Whac-A-Mole war 1

Knock ’em down here, they pop up there! There is no way the ‘coalition forces’ – ie the US and Britain – can win the war in Afghanistan, or make the Afghans peaceful and democratic, or bring relief to their appallingly maltreated women and girls.

The war long since ceased to be for the cause of revenge and punishment. Those aims were accomplished early on. It has become a war of philanthropy. But it is not the business of nations to make other nations happy and good.

Having to accept that others ‘do it all wrong’ and there’s nothing you can do to put them right may be hard, but it’s an essential lesson that the well-meaning have to learn.

Christopher Booker writes in the Telegraph:

As both Britain and America are plunged into an orgy of tortured introspection over what we are doing in Afghanistan, a further very important factor needs to be fed into the discussion, because it helps to explain not only why we have got into such a tragic mess but also why our armed intervention in that unhappy country is doomed.

What we are hardly ever told about Afghanistan is that it has been for 300 years the scene of a bitter civil war, between two tribal groups of Pashtuns (formerly known as Pathans). On one side are the Durranis – most of the settled population, farmers, traders, the professional middle class. On the other are the Ghilzai, traditionally nomadic, fiercely fundamentalist in religion, whose tribal homelands stretch across into Pakistan as far as Kashmir.

Ever since Afghanistan emerged as an independent nation in 1709, when the Ghilzai kicked out the Persians, its history has been written in the ancient hatred between these two groups. During most of that time, the country has been ruled by Durrani, who in 1775 moved its capital from the Ghilzai stronghold of Kandahar up to Kabul in the north. Nothing has more fired Ghilzai enmity than the many occasions when the Durrani have attempted to impose their rule from Kabul with the aid of “foreigners”, either Tajiks from the north or outsiders such as the British, who invaded Afghanistan three times between 1838 and 1919 in a bid to secure the North-west Frontier of their Indian empire against the rebellious Ghilzai.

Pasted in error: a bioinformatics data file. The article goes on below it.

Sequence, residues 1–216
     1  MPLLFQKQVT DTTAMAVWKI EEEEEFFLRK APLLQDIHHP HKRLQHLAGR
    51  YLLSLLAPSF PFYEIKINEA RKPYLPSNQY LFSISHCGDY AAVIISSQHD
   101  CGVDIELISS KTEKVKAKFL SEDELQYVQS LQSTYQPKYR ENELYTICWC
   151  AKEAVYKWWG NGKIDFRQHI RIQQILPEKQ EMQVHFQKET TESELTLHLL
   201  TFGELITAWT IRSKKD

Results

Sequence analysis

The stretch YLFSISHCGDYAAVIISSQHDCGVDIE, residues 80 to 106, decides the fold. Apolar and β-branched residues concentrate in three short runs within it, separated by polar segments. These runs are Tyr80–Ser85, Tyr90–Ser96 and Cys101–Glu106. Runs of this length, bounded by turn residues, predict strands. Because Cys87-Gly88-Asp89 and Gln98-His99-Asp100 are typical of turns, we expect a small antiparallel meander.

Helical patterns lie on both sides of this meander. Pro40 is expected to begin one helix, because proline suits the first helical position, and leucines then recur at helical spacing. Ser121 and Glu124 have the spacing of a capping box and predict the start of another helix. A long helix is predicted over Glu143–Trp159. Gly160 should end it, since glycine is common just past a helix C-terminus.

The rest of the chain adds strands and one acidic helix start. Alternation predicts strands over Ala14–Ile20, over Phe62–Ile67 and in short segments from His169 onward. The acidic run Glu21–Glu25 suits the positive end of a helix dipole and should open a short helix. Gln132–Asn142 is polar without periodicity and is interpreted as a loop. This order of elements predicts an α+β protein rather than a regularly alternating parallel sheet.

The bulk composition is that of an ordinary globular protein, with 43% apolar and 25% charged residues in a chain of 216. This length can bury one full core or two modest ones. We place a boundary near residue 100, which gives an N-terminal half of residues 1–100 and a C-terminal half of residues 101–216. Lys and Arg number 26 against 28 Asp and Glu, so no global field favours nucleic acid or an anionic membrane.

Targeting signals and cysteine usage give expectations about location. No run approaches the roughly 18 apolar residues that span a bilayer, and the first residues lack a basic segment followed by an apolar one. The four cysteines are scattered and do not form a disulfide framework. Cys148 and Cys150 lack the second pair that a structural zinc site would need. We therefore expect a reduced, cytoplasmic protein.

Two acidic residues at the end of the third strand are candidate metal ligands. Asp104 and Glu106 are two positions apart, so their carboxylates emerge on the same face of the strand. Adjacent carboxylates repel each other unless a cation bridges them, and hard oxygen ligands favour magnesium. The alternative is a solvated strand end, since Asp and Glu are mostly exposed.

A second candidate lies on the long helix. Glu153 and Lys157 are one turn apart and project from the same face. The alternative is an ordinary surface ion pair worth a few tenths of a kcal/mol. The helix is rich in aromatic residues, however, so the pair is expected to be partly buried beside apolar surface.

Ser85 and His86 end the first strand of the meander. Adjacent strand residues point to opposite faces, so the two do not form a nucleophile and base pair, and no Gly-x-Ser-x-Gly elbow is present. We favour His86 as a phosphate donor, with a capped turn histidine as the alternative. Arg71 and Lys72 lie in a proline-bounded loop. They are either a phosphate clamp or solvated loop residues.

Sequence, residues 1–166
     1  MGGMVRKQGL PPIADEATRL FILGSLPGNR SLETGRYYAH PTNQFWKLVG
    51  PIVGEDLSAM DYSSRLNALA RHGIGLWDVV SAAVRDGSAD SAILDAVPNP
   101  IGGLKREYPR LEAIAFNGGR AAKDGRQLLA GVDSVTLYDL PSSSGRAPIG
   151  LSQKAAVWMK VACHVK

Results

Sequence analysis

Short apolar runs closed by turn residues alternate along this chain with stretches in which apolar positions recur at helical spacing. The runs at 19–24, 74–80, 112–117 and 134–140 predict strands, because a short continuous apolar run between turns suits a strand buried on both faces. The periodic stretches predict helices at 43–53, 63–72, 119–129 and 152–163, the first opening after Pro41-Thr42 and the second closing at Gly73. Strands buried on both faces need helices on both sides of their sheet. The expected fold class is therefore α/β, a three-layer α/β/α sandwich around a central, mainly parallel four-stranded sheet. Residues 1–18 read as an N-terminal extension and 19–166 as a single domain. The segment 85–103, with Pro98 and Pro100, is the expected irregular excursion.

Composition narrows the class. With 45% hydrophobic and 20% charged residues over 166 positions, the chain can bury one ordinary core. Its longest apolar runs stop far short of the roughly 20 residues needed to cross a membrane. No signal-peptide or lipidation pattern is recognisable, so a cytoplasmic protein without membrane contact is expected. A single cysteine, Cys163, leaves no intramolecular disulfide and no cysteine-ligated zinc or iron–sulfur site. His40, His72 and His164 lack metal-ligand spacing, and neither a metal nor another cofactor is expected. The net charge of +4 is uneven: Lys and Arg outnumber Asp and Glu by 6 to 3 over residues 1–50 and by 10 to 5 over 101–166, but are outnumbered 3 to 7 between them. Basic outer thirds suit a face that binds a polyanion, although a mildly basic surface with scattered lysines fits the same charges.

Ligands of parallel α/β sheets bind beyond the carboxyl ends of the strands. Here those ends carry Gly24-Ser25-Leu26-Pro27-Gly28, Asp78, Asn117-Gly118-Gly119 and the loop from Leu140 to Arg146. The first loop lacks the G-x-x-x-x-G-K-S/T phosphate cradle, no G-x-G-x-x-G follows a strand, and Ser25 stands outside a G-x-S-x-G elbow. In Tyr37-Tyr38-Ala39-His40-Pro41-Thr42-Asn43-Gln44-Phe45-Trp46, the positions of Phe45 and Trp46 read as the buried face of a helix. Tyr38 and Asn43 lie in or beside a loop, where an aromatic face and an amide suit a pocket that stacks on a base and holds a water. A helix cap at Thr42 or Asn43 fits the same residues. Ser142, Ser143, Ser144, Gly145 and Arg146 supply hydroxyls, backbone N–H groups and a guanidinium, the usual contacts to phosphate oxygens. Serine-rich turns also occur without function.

When the Soviets invaded Afghanistan in 1979, after years of Durrani rule, it was to support a revolutionary Ghilzai government. But this new foreign presence inspired general Afghan resistance which was why, by the late 1980s, the Americans were supporting the almost entirely Ghilzai-run Taleban and their ally Osama bin Laden. In 1996 the Taleban-Ghilzai got their revenge, imposing their theocratic rule over almost the whole country. In 2001, we invaded to topple the Taleban, again imposing Durrani rule, now under the Durrani President Karzai.

As so often before, the Ghilzai have seen their country hijacked by a Durrani regime, supported by a largely Tajik army and by hated outsiders from the West. One reason why we find it so hard to win “hearts and minds” in Helmand is that we are up against a sullenly resentful population, fired by a timeless hatred and able to call on unlimited support, in men and materiel, from their Ghilzai brothers across the border in Pakistan.

Only in towns such as Sanguin and Garmsir are there islands of Durrani, willing to support the Durrani government in distant Kabul. No sooner have our forces “secured” a village from the Taleban, than their fighters re-emerge from the surrounding countryside to reclaim it for the Ghilzai cause. Without recognising this, and that what the Ghilzai really want is an independent “Pashtunistan” stretching across the border, we shall never properly understand why, like so many foreigners who have become embroiled in Afghanistan before, we have stumbled into a war we can never hope to win.

Posted under Afghanistan, Commentary, Islam, United Kingdom, United States, War by Jillian Becker on Sunday, November 15, 2009

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  • C. Gee

    So we must hope that Obama's dithering results in a decision to withdraw. Interesting political realignment. Code Pink (representing far left) has just got round to approving military philanthropy. I am amazed the left hasn't cottoned on to the redistributive and bureaucracy expanding potential of such a concept. Meanwhile conservatives – strong defense conservatives, not isolationists – can concentrate on weapons innovation and special forces operations – quick, clean and mean – where needed abroad. And, of course, beefed up naval and espionage capabilities.